There’s something very attractive about the discipline of public or private schooling. Assuming the school hasn’t totally slid into educational laxity, students are given hard deadlines and expected to meet them; students are given grades based on their performance and mastery of the material; students are expected to develop good study skills and those who don’t will suffer in their grades.
Homeschooling, on the other hand, can lack the kind of structure public or private schools have…
- Depending on local and state laws, many homeschooling parents can simply assign grades to their students based on whatever criteria they wish.
- Parents who are disorganized or who allow their child to just learn whatever interests them can often create an environment that feels chaotic and unstructured.
- Homeschooled students don’t necessarily need to work to deadlines—which doesn’t prepare them well for college or the work force.
- Students don’t learn study skills when mom or dad is right there 24/7 to help them think through their school work and tests.
So, what can we say to the parent who is intrigued by the idea of homeschooling but still wants their child to learn great study skills.
Consideration #1: Some brands of homeschooling are less structured than others.
There are many philosophies and methods of education. Some prefer to use traditional textbooks or unit studies. Others prefer the Charlotte Mason or Montessori-inspired approaches. Some (like myself) prefer a classical approach to education. Some are very eclectic – pulling from a number of different philosophies of education.
Others, however, prefer “unschooling” which avoids formal curricula and focuses, instead, on creating an environment where parents are “facilitators” rather than teachers. The focus of unschooling is sparking and nurturing a child’s natural interests and curiosities—which in turn is believed to inspire learning. There are no “subjects,” no set curriculum, and children set their own learning goals.
There’s a lot of good be said about the importance of using a child’s natural curiosities and doing a “self-directed learning” approach. But when untrained parents lack an understanding of how to best use this approach, they will likely not teach good study skills, time-management skills, or expect competency in a diversity of subjects particularly are children get older. Parents also will likely lack an understanding of how much or little their child is actually learning.
In addition, no matter what educational approach is used, there are some homeschooling parents out there whose distaste for “formal” education develops into a disdain for education itself. This attitude, in turn, makes for lazy and unmotivated homeschool parents—and kids.
Consideration #2: You can (and should) let your child suffer the consequences of their own choices.
People often homeschool to shield their children from a variety of issues going on in public or private schools, but one thing you should NOT shield your child from is natural consequences of sloppy work.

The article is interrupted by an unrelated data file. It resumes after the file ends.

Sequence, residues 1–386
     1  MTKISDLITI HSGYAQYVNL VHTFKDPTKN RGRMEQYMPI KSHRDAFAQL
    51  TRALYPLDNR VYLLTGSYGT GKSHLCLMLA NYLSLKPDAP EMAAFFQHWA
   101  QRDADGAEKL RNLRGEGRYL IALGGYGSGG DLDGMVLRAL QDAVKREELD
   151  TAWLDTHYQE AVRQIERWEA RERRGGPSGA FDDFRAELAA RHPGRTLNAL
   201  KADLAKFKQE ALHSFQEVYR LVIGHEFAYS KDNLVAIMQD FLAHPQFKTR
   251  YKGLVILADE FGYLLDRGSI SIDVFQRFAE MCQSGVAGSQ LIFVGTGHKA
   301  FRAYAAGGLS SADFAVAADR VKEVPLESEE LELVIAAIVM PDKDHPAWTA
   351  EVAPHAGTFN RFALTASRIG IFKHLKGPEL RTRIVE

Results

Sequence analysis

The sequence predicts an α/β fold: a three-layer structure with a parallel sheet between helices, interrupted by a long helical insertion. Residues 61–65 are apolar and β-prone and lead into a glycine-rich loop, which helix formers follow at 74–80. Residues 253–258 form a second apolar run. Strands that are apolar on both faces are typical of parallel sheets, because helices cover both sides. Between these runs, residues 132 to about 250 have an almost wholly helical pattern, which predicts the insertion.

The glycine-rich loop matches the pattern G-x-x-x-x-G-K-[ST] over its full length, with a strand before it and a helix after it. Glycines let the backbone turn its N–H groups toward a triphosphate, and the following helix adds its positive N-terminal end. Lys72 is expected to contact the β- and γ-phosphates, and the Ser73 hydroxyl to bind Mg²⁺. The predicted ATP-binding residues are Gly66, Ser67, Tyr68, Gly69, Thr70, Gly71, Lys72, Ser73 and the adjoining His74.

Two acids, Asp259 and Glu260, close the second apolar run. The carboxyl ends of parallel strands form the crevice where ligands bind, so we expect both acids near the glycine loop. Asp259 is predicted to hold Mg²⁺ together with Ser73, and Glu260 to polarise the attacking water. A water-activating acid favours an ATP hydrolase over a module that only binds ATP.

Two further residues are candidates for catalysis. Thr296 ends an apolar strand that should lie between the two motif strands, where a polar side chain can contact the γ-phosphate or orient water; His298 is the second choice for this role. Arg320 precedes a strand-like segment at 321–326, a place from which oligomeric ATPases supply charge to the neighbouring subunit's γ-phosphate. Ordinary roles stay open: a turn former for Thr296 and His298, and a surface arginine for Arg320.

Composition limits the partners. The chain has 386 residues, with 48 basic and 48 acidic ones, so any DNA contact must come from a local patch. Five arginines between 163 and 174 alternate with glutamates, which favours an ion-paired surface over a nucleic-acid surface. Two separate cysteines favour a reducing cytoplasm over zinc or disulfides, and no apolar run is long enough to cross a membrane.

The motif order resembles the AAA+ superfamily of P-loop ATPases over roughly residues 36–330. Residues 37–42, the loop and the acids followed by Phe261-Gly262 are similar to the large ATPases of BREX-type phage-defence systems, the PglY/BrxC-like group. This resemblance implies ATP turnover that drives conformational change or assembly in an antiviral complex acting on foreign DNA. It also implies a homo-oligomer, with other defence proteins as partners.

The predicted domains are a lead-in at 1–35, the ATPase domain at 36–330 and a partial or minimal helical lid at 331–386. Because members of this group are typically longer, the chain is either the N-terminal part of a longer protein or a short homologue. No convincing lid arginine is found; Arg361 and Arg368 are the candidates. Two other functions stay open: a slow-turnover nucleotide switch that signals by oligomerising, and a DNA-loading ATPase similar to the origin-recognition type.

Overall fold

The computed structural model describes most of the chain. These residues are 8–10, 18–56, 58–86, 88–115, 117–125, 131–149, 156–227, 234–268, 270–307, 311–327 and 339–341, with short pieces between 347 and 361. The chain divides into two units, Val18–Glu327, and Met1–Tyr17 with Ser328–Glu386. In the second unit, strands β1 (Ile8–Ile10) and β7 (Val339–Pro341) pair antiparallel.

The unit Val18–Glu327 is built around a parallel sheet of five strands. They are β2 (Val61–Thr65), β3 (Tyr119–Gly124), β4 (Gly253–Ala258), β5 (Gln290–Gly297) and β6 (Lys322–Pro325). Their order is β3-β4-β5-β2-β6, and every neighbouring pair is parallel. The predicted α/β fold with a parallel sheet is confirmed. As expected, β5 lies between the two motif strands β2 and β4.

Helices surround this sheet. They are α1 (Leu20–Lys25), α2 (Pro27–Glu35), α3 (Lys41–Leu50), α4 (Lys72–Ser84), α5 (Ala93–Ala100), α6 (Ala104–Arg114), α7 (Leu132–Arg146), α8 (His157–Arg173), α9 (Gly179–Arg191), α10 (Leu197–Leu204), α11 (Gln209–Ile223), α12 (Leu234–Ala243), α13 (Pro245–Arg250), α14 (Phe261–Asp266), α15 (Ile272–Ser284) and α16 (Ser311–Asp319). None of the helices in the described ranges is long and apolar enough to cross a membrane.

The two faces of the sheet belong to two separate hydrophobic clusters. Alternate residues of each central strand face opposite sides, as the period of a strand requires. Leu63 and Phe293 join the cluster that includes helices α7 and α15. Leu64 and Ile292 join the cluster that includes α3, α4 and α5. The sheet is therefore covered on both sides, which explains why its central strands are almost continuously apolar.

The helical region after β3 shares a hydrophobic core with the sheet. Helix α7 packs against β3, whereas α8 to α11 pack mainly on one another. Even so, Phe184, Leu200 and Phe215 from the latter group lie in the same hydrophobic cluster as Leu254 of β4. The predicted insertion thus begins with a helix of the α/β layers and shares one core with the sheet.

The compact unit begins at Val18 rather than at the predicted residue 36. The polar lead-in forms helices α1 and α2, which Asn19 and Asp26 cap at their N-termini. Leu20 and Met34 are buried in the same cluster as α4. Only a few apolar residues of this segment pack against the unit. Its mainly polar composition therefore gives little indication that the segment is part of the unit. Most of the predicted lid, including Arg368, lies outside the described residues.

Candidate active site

As your child grows and develops, set reasonable deadlines and expect your child to meet them. Give quizzes and tests and grade your child based on their actual performance. If this means giving your child a lower grade, so be it.
There’s always room for grace, of course—just as teachers in public schools give—but it is important for kids to know there are undesirable consequences to poor work and lack of preparation.
Consideration #3: Make an intentional effort to teach time-management, good organization, and study skills.
When children are young, teach them to tell time and teach them how to count the passage of time on a clock. Teach them how to read a calendar so they understand the relationship between days.
From an early age, create a rough schedule for your child to follow each day of the week, allowing them to mark off when certain deadlines are met. As children get older, expect them to start creating their list of deadlines.
Expect your student to keep their various subjects well organized in different binders or folders. Expect them to keep their learning space (relatively) clean and tidy.
Beyond good grades, find ways to positively reinforce finishing on time. Perhaps there’s a privilege you give your student if they finish all their work by a specific time of day or if they get a specific grade on a test.
Teach students how to take notes when reading or listening to a lecture. Teach them techniques for studying for tests.
In the end, homeschooling doesn’t have to be a chaotic mess. If you make it a point to teach time-management, organization, and study skills, then your children will be better prepared for life in the “real world.”
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Let us know…
- Have you found homeschooling to be unstructured?
- If you homeschool, what are some strategies you use to help your students have good study habits?
- What are other objections you’ve heard or you’ve had to homeschooling?